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Power of the Gift

The Power of the Gift

Mike Brown '76 funds travel and living expenses for students pursuing internships

$105,000 gift will create “best of its kind” internship program at Wofford. Mike Brown ’76 funds travel and living expenses for students pursuing work experiences.

When Caroline Winn ’15 received an email about internship scholarships from the Career Services Office last spring, she was thrilled. Winn, a Spanish and economics double major, had just learned she’d been awarded a highly competitive summer marketing internship with the National Building Museum in Washington, D.C.

“It was my dream internship, but living expenses in D.C. are insane,” she says. “I’m from Pennsylvania, and I wasn’t sure I could afford to go to Washington for three months.”

Winn applied for and was awarded a $1,500 internship scholarship funded by Mike Brown ’76, a former member of the Board of Trustees. The money allowed her to pay rent on a shared apartment for the summer. “It was the best summer of my life,” she says. “The internship was the perfect bridge between what I’ve studied at Wofford and my future career as an architect.”

This spring Brown made a $105,000 gift to the college to fund 40 scholarships similar to Winn’s, enabling more students to participate in a variety of significant work experiences that will help determine or secure future career and graduate school opportunities.

The goal, says Brown, is to allow students to connect their liberal arts classroom experiences to practical, real-world career opportunities without being hindered by a lack of funds.

“College has always been a time to mature and experience independence, but more emphasis is now placed on the value of a degree,” says Brown. “The type of job received upon graduation determines that value for some. Employers now use internships as a way to evaluate future employees, and it allows the interns to determine whether the company or job fits their goals.”

Scott Cochran ’88, dean of The Space in The Mungo Center, which oversees Career Services, agrees with Brown. “A recent Wall Street Journal article (citing a Chronicle of Higher Education study) reports that when making hiring decisions, employers give nearly twice as much weight to graduates’ work experience as they do their academic credentials,” says Cochran. “Without an internship, Wofford students will be at a disadvantage in two areas: they will not have the practical experience employers demand, and they will not understand which career paths will be a good fit.”

Over the past decade, Brown, a successful entrepreneur, steadily has increased his financial support of internships, beginning with sending three Wofford students to intern at the Aspen Institute in Colorado each year.

“Back then the emphasis was on having an experience, making contacts, growing as people,” he recalls. “Now we understand the importance of internships in our students’ future career plans.”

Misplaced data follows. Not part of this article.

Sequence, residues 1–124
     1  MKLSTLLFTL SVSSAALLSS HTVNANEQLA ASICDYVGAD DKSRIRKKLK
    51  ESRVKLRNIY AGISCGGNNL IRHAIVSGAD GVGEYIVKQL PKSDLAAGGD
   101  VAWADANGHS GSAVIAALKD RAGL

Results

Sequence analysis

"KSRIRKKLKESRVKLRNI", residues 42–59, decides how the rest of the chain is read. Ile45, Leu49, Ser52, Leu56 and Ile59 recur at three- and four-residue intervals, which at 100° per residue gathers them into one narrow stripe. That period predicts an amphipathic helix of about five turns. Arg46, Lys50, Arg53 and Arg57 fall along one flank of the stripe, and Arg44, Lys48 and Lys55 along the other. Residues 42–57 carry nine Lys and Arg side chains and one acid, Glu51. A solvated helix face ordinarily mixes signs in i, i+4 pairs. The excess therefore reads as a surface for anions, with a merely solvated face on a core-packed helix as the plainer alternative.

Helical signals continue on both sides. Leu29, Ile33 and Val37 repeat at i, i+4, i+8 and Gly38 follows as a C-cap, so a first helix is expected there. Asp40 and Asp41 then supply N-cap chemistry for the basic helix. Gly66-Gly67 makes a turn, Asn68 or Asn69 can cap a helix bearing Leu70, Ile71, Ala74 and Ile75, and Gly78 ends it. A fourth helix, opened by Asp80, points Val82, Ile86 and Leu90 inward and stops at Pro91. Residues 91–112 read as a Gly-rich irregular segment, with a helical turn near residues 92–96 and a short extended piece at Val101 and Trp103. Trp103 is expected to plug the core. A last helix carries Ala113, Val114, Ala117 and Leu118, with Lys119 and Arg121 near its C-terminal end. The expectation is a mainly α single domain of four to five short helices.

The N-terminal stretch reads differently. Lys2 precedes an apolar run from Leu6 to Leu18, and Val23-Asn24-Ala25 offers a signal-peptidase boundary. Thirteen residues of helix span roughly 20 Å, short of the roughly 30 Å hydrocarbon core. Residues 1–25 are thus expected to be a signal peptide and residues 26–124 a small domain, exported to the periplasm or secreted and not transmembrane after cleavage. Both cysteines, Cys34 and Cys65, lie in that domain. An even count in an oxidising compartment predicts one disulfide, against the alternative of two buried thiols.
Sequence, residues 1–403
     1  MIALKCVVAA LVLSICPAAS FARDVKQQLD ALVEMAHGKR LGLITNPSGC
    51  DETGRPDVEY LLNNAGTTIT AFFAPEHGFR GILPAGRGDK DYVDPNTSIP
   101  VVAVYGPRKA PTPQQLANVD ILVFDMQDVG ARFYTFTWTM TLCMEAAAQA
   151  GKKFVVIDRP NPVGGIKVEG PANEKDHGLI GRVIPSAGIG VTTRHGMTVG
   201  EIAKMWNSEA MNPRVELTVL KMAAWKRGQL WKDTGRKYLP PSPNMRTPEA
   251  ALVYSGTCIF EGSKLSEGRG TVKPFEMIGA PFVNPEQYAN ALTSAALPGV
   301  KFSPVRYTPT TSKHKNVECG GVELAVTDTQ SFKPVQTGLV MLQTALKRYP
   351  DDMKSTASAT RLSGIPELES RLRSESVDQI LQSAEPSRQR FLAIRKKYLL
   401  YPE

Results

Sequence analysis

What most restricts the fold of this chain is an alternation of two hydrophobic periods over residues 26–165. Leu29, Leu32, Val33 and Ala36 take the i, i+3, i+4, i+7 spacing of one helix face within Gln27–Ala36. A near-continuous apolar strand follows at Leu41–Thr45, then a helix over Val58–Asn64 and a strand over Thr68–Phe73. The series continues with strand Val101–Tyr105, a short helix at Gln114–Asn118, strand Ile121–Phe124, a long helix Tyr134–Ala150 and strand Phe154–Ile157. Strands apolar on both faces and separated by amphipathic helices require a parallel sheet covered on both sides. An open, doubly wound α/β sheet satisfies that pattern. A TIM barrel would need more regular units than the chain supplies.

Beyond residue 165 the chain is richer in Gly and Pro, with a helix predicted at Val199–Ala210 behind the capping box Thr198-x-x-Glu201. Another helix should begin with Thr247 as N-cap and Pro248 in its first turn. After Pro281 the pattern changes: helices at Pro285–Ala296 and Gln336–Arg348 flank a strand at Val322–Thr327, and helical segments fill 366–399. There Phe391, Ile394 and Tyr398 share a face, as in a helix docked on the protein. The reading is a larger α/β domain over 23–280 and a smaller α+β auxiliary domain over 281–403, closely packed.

“Thanks to Mike Brown, Wofford will significantly expand its internship program,” Cochran says. “In 2015, 40 students will receive funding to complete robust internships in the United States, Brazil, India, China and the United Kingdom.”

But first, Cochran says, Brown has asked that they complete an extensive professional development training program in The Space. (See below for program details.)

Brown believes students will be more successful interns if they take advantage of skills training and mentoring opportunities offered by The Space. “We’ve got an outstanding resource at Wofford, one that no other college has,” he says. “If you combine the financial support to pursue their interests with the professional training in The Space—things like public speaking, communication, etiquette, project management—you’ve got an internship program that’s the best of its kind, anywhere.”

The Mike Brown Internship Program

Guidelines for eligibility for an internship scholarship:

  • Students must find their own internships. The Space staff will help students understand how to conduct a search, and Brown’s funding allows them to dream big without being limited by financial constraints.
  • Students must present their internship plans to an internship board for approval. Not all internships are created equal, and the board will ensure that the experiences are appropriately structured and that students are accountable for the work they promise to do.
  • Students must complete professional development training to prepare them to be successful and productive from day one.
  • Students must produce a post-internship writing assignment to digest the lessons learned during the experience and to share them with future interns.
  • Students must become mentors to the next summer’s group of interns. “I talk often to Wofford students about the value of giving back,” Brown notes. “And these students look forward to giving back.”

by Lisa Mincey Ware